Despite having faithfully played PC games of many genres since I was 4, I never played an massively multiplayer online roleplaying game (MMORPGs or MMOs) until Julie and I picked up The Elder Scrolls Online (ESO) at the recommendation of a friend. I could say that my self-restraint kept me away from extremely addictive MMOs, but in truth, I didn’t play any growing up because they required monthly subscriptions paid via credit card, and I didn’t have a credit card. These days, many MMOs only have a one-time upfront cost, which is how ESO got us.
Most people have heard of World of Warcraft, the most popular MMO with a population on par with a small country. In a MMORPG, players take the role of a heroes in a massive, shared world where you can run around, kill monsters, and complete quests while gradually making your character stronger. It is called an MMO because thousands of players all inhabit the same world running on a shared server where they can group up or perhaps fight each other. It’s like real life, except the words “+5 Experience Points” appear in the air when you squash a spider.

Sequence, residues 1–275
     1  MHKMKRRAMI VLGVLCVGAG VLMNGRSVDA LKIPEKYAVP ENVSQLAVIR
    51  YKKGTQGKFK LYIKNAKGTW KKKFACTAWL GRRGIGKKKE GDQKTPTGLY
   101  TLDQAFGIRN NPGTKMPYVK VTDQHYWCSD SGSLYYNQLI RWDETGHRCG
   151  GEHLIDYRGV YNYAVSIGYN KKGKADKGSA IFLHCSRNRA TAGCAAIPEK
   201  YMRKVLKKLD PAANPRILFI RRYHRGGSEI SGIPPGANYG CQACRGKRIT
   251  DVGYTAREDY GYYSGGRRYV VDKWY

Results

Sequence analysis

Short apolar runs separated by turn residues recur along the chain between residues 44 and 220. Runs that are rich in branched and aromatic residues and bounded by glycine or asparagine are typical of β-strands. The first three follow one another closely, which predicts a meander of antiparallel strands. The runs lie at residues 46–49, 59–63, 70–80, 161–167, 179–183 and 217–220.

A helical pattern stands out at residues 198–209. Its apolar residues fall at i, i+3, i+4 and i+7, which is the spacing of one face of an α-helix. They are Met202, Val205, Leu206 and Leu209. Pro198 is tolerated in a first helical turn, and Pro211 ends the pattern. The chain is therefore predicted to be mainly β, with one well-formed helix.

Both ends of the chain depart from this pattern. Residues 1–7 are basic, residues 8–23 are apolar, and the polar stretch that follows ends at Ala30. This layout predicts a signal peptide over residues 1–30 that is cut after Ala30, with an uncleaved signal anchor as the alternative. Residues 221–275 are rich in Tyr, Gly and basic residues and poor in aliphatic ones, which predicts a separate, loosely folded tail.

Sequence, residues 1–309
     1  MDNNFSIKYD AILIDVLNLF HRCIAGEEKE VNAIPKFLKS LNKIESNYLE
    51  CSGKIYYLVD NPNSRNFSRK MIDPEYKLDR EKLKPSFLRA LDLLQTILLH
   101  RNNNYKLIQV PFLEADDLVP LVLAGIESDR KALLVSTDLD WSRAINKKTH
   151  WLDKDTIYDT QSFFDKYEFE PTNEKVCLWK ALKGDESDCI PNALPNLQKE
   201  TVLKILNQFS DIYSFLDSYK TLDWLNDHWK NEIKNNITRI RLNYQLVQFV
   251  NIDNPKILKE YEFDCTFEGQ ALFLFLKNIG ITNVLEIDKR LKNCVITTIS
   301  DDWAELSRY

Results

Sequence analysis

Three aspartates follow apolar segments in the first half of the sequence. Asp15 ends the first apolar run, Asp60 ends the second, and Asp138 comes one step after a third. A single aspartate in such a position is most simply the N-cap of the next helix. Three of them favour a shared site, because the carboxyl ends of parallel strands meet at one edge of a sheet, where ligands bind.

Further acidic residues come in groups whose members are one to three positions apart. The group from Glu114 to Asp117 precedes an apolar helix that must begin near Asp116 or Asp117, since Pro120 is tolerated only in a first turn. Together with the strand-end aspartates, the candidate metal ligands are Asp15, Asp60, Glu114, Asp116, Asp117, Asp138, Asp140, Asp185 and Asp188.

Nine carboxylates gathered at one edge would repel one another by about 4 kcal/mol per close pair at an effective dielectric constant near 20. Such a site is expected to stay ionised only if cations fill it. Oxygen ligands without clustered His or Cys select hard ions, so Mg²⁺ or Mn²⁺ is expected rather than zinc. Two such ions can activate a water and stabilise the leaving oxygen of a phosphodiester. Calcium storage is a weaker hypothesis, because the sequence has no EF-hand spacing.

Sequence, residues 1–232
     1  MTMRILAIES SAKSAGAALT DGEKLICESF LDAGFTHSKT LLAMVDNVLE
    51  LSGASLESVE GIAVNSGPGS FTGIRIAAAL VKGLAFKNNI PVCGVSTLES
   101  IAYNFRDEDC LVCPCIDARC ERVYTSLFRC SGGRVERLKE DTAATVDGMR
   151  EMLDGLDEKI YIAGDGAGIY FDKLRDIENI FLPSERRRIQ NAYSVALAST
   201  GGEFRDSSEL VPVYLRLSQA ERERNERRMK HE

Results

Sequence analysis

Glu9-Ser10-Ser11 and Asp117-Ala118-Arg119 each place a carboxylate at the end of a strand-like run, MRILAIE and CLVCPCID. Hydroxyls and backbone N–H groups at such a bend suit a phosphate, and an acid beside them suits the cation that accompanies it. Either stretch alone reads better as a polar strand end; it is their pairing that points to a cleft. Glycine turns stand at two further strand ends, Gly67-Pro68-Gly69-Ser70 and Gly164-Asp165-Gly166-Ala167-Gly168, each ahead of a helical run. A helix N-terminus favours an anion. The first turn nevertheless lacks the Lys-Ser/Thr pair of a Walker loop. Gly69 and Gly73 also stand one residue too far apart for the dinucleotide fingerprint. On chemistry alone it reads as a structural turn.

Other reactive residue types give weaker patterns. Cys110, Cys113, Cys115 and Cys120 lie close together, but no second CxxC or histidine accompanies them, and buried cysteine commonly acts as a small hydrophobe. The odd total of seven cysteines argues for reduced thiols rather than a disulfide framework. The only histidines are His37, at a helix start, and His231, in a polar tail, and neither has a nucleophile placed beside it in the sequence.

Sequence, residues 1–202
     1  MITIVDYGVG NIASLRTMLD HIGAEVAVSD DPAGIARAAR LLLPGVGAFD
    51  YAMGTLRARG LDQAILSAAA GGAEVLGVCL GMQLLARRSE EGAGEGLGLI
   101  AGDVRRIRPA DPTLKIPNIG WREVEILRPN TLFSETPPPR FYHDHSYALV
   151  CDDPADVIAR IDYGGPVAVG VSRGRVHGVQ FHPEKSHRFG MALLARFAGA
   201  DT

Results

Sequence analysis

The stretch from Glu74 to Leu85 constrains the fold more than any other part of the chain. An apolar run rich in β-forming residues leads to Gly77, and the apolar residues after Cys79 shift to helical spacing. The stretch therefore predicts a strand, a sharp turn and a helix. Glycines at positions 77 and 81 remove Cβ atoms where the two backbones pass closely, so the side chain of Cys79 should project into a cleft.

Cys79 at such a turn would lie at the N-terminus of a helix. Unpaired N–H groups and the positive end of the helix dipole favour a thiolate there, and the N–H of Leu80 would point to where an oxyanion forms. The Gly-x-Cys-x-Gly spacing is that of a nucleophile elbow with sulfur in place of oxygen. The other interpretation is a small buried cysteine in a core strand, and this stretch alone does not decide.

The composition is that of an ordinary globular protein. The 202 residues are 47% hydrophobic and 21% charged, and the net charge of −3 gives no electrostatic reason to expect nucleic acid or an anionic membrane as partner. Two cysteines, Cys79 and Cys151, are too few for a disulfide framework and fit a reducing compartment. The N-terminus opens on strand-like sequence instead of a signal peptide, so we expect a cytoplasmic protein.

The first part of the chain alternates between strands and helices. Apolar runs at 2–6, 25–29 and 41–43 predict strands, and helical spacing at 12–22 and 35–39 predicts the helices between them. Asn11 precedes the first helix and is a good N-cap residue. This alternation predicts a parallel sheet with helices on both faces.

Prior to starting ESO, I had only a rough understanding of what you can do. I had heard about raids and crafting and just assumed there was only a binary appeal to it. However, I was surprised by how ESO (and presumably other MMOs) can appeal to players in different ways. Not only are there many reasons why people play video games, there are many reasons why people play MMOs. Continue reading The Many Appeals of The Elder Scrolls Online